Intrahousehold Allocation and Bargaining Power: Evidence from Chile
Economic Development and Cultural Change. Vol. 61, No. 3, pp. 577-605. April 2013
Until 1999, children born out of wedlock in Chile had fewer child support rights than those born to married couples. I interpret a change in this law as an increase in the household bargaining power of women in cohabiting relationships. Using a panel of cross-sectional data, I find a decrease in the probability of working among men and an increase in school attendance of children under 19. These results provide evidence that contradicts the predictions of the unitary household model as well as the Nash bargaining model. The labor market outcomes support a model in which a reduction in men’s relative bargaining power is understood as a tax on their wages.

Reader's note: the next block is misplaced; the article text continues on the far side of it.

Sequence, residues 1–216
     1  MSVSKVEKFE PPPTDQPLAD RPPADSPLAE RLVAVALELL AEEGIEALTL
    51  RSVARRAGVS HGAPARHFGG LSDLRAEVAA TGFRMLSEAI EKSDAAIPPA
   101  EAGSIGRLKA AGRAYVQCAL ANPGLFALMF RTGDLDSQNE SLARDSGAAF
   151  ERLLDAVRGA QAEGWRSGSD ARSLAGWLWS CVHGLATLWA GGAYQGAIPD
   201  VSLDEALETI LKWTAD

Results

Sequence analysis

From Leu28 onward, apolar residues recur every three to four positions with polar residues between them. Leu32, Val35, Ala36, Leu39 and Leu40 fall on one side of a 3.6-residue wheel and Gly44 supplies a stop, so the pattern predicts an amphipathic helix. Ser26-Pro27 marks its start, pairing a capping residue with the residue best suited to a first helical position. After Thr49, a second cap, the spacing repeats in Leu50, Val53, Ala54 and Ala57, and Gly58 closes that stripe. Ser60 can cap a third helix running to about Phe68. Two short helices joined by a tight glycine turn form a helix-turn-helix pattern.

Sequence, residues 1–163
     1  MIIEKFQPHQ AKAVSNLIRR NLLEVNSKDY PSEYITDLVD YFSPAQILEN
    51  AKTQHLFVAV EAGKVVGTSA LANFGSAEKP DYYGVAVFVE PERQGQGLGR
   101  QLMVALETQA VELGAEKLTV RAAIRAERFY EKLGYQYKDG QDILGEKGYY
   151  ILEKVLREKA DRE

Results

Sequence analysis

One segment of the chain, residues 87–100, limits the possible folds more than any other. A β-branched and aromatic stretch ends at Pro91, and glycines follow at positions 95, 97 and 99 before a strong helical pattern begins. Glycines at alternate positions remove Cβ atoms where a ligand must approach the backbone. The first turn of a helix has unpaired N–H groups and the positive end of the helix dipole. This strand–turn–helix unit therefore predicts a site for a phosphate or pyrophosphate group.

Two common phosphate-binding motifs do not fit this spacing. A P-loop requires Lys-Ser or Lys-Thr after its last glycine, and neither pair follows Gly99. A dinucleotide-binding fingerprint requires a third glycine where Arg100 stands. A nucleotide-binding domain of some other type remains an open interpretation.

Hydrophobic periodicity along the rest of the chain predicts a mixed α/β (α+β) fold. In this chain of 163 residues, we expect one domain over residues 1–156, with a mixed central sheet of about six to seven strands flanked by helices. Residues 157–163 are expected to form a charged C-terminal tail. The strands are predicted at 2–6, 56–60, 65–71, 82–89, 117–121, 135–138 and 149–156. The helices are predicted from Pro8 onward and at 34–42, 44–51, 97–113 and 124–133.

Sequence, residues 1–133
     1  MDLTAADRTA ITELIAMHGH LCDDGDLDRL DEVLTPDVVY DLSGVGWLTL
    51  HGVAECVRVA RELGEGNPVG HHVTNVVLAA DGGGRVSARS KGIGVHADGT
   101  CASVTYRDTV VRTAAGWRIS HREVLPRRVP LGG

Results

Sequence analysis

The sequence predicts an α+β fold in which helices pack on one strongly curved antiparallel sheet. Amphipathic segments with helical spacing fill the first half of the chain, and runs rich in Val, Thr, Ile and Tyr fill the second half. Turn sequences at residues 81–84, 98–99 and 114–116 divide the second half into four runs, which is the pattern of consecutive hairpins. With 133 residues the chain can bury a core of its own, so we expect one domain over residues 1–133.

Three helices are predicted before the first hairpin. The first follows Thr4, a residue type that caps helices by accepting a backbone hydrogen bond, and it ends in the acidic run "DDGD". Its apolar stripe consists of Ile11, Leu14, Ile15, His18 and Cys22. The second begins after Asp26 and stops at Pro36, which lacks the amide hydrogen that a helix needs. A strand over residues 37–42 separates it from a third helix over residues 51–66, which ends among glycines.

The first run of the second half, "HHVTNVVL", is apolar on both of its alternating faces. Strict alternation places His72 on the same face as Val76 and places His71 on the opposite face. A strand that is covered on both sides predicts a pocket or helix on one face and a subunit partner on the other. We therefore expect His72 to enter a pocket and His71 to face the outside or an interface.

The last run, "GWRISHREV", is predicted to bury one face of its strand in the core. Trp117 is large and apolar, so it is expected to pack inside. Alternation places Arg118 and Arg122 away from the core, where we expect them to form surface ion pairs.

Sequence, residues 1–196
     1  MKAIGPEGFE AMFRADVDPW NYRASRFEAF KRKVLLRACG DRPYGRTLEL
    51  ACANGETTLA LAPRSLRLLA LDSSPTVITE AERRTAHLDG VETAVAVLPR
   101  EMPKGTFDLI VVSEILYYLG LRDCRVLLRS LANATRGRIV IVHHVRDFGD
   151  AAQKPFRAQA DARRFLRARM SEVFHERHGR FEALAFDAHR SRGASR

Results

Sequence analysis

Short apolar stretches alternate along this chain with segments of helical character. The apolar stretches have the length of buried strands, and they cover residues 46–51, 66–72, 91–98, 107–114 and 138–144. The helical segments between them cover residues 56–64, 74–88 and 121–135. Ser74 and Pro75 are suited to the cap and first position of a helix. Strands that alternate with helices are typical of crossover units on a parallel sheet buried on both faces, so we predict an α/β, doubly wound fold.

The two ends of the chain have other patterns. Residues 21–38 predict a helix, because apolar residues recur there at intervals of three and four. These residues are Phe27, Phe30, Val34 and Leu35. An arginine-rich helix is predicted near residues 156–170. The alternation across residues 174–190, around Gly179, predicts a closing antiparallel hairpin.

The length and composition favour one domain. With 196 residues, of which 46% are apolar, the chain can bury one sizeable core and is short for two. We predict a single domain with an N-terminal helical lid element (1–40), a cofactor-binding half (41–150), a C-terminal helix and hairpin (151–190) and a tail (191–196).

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Etiquetas: educación, estudios de género, mercado laboral